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Reviewed by:
  • Agnès Varda by Kelley Conway
  • Alex Davis
Agnès Varda. Conway, Kelley. Chicago: The University of Illinois Press, 2015.

To undertake a new book length study of Agnès Varda is surely a daunting task. The filmmaker has been hard at work for over 60 years, having preceded (and partially inspired) the French nouvelle vague, embraced multiple formats for her creative work – moving from fiction, to documentary, to installation art, and every permutation in between – and, perhaps most intimidating for academics, having already inspired a wide range of scholarship, including two monographs (one as recent as 2014), a significant section of Sandy Flitterman-Lewis' To Desire Differently, and a stuffed-to-the-brim dossier of book chapters and journal articles over the years. Thankfully, the latest study of Varda has been expertly undertaken by Kelley Conway, who provides great insight into Varda's films, methods, historical context, and personality through unprecedented access to the Ciné-Tamaris archives and the legend herself. A lucid survey of Varda's life and work, Conway's Agnès Varda brings readers as close to the real Agnès Varda as seems possible in a scholarly work.

Conway's monograph appears as the latest in University of Illinois Press' Contemporary Film Directors series dedicated [End Page 75] to individual filmmakers who are continuing to probe our relationship with cinema. As such, Conway begins with a passionate defense of authorship as a form of study. While this might seem a polemical move for some, Conway defends it by shifting the focus of auteur-directed studies to the production process of a film rather than its formal interpretation. In a national system that already privileges the artisanal, Varda, as Conway demonstrates throughout, is a uniquely independent filmmaker, from her cooperative produced La Pointe Courte (1954) to the beloved Sans toit ni loi (1985) which, as Conway fascinatingly reveals, was largely cultivated through a process of gleaning, with Varda collecting characters (and the [non]actors who inspired them) throughout her own travels. Conway articulates her vision of film authorship as one which "holds that while directors are certainly acted upon by forces outside of themselves, they also seek challenges and solve problems, maintain certain aesthetic commitments (but abandon others over time), and impose creative constraints on themselves (while resisting others," (7), a vision that is well supported by her fascinating discussion of Varda's development.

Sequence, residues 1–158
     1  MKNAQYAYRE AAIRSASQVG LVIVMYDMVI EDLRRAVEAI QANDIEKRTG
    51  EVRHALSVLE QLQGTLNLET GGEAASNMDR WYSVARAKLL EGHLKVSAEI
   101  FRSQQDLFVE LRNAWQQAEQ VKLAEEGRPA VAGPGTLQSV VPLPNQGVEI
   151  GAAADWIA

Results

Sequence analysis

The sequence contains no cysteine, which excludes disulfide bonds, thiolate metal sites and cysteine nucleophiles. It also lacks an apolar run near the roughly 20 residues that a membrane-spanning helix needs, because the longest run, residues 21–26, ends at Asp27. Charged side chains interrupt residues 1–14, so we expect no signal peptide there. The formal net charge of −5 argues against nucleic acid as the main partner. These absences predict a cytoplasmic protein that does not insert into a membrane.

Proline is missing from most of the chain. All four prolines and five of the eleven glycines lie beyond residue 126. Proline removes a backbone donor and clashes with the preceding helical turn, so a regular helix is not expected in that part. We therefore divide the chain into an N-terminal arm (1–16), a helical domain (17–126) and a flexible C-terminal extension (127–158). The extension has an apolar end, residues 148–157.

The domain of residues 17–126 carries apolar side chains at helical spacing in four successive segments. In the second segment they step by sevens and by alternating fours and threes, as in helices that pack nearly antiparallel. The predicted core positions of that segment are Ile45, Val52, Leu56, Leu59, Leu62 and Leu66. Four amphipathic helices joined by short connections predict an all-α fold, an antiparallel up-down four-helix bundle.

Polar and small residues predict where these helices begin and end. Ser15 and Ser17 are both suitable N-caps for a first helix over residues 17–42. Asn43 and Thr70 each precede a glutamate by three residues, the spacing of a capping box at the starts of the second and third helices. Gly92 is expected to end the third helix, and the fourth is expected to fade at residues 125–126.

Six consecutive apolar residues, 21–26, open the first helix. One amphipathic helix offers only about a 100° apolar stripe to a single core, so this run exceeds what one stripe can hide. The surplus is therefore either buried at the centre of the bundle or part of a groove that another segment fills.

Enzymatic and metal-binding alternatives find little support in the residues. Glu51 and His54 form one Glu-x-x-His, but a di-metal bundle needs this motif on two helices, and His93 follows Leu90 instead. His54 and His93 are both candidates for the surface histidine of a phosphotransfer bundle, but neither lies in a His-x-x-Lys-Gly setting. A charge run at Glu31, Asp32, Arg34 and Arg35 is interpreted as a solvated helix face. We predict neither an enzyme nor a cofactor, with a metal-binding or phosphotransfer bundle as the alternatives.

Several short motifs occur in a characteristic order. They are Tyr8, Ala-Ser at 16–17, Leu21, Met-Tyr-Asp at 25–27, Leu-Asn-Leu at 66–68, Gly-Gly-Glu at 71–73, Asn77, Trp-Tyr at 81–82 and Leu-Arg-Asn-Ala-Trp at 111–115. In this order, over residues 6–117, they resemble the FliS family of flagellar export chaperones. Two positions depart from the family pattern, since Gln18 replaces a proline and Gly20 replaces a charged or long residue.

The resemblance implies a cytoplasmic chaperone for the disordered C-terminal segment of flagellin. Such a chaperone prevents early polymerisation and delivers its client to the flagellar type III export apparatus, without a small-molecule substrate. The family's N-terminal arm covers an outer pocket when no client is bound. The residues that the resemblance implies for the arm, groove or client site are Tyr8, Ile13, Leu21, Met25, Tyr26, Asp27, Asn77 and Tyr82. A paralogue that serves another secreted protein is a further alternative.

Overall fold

Conway's information on Varda's films, largely derived from her unique access to Ciné-Tamaris, is so rich that one nearly laments her case study approach to Varda's oeuvre. While Alison Smith's and Delphine Bénézet's monographs aim for breadth over depth, surveying the themes and trends within Varda's work, Conway opts instead for a chronological strategy that gives space to all her pieces but dives deeply into specific films that exemplify Varda's process during a given period. Receiving deluxe treatment in Conway's monograph is La Pointe Courte (1954), the short documentaries Varda made in the late 50s, Cleo de 5 à 7 (1961), Sans toit ni loi (1985), Les Glaneurs et la glaneuse (2000), Varda's installations of Patatutopia (2003), and L'île et elle (2006), and her most recent masterpiece Les plages d'Agnès (2008), a quite broad and encompassing discussion of Varda's career given the great detail Conway has been able to excavate.

How Conway treats each of these pieces varies from film to film. As already noted, the primary lens through which the films are viewed is that of production; readers are walked through the (often slow) process by which Varda's films are made, but each film is used to exemplify a unique aspect of her filmmaking. La Pointe Courte, for instance, allows Conway to discuss Varda's many influences and inspirations, from modernist literature to neorealist cinema, although the most important seems to simply be Varda's personal relationships and friendships of the time. We find the roots of the film buried in Varda's experience as a still photographer for the Théâtre National Populaire, where she was exposed to the Brechtian preferences of director Jean Vilar, and introduced to the two main actors...


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pp. 75-77
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